1a. Objectives (from AD-416):
1) Assess sensory quality and aroma profile compositions of commercial and new mandarin varieties currently under investigation in breeding programs in the U.S. and Israel. 2) Characterize the effects of postharvest handling procedures (degreening and coating with waxes) and storage conditions (temperature and duration) on sensory quality and aroma profile compositions of various mandarin cultivars. 3) Identify key aroma compounds involved in determining unique mandarin flavor and off-flavors by gas chromatography-olfactometry (GC-O) coupled with a human nose smelling device.
1b. Approach (from AD-416):
Experiments will be conducted with two commercial tangerine cultivars, Fallglo and Murcott, as well as selected new tangerines in the ARS breeding program close to release. Optimum harvest maturity will be determined for new varieties. Degreening and wax treatments will be applied on commercial varieties. Sensory evaluation and volatile analysis will be performed under objectives 1 and 2. Sensory evaluation, GC and GC-olfactometry will be performed under objective 3.
3. Progress Report:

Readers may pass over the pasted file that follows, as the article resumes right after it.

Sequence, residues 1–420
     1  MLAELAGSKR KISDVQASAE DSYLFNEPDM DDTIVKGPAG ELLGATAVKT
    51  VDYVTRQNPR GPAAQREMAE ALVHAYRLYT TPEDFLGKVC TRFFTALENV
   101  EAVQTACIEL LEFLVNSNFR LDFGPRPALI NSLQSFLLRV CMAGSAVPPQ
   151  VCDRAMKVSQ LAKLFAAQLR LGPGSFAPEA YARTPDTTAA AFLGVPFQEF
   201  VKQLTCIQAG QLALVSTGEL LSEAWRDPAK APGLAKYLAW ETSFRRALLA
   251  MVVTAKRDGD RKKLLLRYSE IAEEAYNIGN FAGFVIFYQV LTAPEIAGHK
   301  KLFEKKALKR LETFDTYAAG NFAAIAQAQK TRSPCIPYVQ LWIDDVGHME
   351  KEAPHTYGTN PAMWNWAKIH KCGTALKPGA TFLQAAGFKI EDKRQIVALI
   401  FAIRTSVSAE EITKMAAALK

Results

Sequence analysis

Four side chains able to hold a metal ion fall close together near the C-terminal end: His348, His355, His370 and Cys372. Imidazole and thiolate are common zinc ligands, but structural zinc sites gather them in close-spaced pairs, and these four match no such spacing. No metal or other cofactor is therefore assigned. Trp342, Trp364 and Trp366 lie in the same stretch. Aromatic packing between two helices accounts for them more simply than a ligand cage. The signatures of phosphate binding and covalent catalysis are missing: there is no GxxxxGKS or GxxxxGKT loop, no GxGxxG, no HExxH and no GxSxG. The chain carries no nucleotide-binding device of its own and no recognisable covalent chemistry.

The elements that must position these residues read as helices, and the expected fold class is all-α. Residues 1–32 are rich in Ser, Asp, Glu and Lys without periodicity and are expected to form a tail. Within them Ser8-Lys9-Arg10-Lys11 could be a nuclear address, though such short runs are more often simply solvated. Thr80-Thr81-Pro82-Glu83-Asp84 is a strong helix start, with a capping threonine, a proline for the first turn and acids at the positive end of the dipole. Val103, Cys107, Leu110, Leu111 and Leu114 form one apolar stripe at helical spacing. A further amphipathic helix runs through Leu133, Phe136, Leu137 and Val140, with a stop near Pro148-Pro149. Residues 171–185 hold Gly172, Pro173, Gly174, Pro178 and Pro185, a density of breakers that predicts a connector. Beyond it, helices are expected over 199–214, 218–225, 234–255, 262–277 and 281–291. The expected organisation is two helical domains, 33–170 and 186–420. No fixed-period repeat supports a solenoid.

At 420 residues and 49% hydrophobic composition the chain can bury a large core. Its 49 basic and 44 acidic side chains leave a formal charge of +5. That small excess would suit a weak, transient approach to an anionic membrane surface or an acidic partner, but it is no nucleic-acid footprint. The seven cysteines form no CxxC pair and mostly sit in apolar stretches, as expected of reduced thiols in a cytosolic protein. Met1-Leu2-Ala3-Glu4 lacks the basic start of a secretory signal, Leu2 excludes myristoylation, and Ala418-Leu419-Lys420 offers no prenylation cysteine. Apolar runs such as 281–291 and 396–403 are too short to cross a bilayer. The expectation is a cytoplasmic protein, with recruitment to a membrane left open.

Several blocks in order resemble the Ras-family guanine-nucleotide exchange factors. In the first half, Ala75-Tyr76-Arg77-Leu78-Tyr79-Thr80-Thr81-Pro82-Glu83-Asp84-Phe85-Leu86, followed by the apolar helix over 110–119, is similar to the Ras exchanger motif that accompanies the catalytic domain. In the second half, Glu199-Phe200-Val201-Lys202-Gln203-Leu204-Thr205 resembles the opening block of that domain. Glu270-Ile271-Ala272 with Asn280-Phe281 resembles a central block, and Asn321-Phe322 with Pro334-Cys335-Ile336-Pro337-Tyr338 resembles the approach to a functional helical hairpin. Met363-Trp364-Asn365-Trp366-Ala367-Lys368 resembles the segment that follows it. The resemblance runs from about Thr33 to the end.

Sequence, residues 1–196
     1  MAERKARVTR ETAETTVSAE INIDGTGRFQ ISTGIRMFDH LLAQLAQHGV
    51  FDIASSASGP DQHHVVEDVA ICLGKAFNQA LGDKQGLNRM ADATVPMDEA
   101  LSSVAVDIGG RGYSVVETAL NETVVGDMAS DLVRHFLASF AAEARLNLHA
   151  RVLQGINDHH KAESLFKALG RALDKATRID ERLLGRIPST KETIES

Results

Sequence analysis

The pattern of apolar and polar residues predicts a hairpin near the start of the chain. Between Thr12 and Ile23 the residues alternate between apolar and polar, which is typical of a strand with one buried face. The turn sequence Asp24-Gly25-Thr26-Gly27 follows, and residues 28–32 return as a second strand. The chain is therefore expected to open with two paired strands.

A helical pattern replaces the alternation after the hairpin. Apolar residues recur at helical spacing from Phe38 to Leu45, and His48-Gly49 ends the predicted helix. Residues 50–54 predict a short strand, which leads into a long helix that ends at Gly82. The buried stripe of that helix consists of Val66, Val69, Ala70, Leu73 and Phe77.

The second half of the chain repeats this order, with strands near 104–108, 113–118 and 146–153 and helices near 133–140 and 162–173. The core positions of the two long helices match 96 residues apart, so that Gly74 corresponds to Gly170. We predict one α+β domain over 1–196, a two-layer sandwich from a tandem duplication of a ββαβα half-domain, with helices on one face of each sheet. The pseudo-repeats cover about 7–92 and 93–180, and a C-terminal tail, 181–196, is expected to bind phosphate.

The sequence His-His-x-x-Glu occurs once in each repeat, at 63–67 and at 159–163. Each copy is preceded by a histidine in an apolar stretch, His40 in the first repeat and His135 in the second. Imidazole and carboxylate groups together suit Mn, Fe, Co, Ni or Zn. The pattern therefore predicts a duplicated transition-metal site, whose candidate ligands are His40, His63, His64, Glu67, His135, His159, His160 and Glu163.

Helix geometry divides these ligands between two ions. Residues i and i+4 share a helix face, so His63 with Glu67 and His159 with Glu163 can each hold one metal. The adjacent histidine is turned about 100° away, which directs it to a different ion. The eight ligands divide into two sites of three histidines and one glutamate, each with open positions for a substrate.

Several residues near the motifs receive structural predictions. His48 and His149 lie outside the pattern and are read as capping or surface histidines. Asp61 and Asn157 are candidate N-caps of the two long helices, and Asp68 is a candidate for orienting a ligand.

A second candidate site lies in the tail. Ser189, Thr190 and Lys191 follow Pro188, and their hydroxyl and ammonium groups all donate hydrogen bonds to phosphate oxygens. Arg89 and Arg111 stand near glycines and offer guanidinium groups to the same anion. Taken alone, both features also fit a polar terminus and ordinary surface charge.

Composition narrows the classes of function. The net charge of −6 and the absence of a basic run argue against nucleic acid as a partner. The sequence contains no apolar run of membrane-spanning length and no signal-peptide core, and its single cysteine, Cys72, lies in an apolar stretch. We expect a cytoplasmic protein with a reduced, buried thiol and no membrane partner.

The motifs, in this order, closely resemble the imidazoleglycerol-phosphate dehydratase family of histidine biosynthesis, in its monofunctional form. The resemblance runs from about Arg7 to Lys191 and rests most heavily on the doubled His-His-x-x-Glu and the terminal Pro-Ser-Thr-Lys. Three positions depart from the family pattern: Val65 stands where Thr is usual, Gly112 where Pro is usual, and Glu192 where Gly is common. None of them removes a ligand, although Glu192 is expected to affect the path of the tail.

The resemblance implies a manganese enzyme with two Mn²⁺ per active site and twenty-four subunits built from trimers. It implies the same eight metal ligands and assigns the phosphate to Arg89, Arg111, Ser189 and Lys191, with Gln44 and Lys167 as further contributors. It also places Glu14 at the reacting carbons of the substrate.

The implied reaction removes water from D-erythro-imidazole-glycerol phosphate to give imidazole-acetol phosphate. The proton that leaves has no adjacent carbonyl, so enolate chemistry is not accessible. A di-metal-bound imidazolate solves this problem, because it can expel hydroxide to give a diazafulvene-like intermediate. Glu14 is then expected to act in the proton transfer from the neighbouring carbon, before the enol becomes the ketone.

This project is related to Objective 1 of this in-house project: Evaluate the effect of genetics on microbial and composition of flavor and healthful compounds sugars, acids, volatiles, carotenoids, total phenolics, pectin and fiber -in citrus, tomato, and subtropical-bred small fruit breeding lines. And Objective 2: Relate chemical composition to sensory flavor and pathogen resistance data from Objective 1 to determine which compounds are important for flavor or have antimicrobial properties. There has been an increasing interest in citrus hybrids having Poncirus trifoliata in their background, as P. trifoliata was determined to impart disease resistance to citrus. Fruit of Citrus with P. trifoliata hybrids, with various levels of P. trifoliata, were evaluated for sensory quality, and analyzed for volatiles and non volatile compounds. Four hybrids were evaluated in the fall, and another four in the winter, according to maturity. Hybrids with 1/4 or 1/8 of P. trifoliata in their background presented the most characteristic “Poncirus” flavor, described as green, woody, cooked, and with some bitter and astringent taste and mouthfeel. These hybrids had higher level of sesquiterpenoids and ester compounds than hybrids in which the Poncirus parent was more remote in the family tree. Complex differences in volatiles, limonoid and flavonoid compounds among P. trifoliata hybrids were revealed. Understanding the inheritance of quality traits will help select P. trifoliata hybrids for consumption, as well as provide growers with a choice of cultivars that may be resistant to diseases.